I only see you doing a SELECT in both variants. If you want to make sure you don't sell more than you have in store (stock), you must decrease your stock in the same transaction you place the order. In PostgreSQL 9.1 you could use a data-modifying CTE for the job:
WITH u AS (
UPDATE product SET quant = quant - <put_order_quant_here>
WHERE product_id = <order_prod_id>
AND quant >= <put_order_quant_here>
RETURNING product_id, <put_order_quant_here> AS quant
INSERT INTO order_detail (order_id, product_id, quant)
SELECT <put_order_id_here>, product_id, quant
The UPDATE in the CTE only returns values if the product has sufficient stock. IN this case, the quantity is reduced in the same transaction, just before the order is placed.
Put all order-details into one transaction, if any of them fails to INSERT,
One more piece of advice: this scenario could easily lead to deadlocks. Say, you have two orders coming in at the same time, both want product A and B. The first order starts by placing the order_detail on A, the second starts with B. Then the two transactions block each other out. Each of them would wait for the other to complete. A deadlock ensues.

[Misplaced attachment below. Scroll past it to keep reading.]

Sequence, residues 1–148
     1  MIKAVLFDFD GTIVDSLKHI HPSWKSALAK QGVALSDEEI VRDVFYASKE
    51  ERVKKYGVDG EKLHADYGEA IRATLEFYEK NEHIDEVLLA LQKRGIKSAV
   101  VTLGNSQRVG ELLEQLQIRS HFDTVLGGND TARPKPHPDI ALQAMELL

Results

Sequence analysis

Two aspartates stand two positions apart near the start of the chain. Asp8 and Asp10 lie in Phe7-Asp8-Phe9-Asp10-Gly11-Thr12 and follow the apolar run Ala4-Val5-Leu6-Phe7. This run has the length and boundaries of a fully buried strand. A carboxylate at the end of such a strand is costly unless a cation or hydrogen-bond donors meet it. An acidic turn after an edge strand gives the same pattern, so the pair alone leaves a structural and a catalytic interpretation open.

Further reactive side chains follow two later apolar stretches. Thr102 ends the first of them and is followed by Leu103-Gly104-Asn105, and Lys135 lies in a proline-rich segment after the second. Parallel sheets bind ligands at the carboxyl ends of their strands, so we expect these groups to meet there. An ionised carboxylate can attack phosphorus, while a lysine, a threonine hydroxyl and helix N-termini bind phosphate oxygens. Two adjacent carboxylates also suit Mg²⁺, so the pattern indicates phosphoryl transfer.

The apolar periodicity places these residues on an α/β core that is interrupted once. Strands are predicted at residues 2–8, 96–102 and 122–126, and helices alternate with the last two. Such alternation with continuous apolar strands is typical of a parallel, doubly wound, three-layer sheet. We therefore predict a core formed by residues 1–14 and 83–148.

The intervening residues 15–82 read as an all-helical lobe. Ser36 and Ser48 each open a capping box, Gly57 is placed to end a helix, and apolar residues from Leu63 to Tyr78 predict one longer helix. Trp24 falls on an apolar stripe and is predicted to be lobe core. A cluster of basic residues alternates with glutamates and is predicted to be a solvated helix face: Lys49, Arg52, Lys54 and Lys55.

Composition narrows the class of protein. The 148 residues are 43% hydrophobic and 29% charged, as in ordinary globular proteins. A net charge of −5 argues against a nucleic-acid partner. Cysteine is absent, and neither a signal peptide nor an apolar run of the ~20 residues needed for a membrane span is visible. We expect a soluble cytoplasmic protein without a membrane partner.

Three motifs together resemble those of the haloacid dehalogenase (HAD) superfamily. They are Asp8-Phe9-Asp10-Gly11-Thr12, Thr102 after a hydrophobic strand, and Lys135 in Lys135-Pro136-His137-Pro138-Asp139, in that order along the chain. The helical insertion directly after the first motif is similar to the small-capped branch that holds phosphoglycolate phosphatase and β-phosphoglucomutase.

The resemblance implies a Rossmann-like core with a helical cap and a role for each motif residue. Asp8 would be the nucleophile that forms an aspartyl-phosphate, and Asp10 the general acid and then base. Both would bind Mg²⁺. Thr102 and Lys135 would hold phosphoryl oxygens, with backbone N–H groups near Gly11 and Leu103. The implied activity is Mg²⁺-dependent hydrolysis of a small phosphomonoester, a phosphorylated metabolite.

In PostgreSQL a transaction will wait for some time when it is stalled by locks. Depending on your setting of
deadlock_timeout (default is 1s, which I set to at least 5s on untroubled production servers), checks for a possible deadlock condition will be performed.
Once detected, one transaction will be aborted and report a deadlock exception. The other one can finish. Which one is hard to predict.
There is a simple way to avoid this kind of deadlocks: Always place your
order_details in a consistent order. Like products ordered by
product_id. This way, the above scenario can never happen.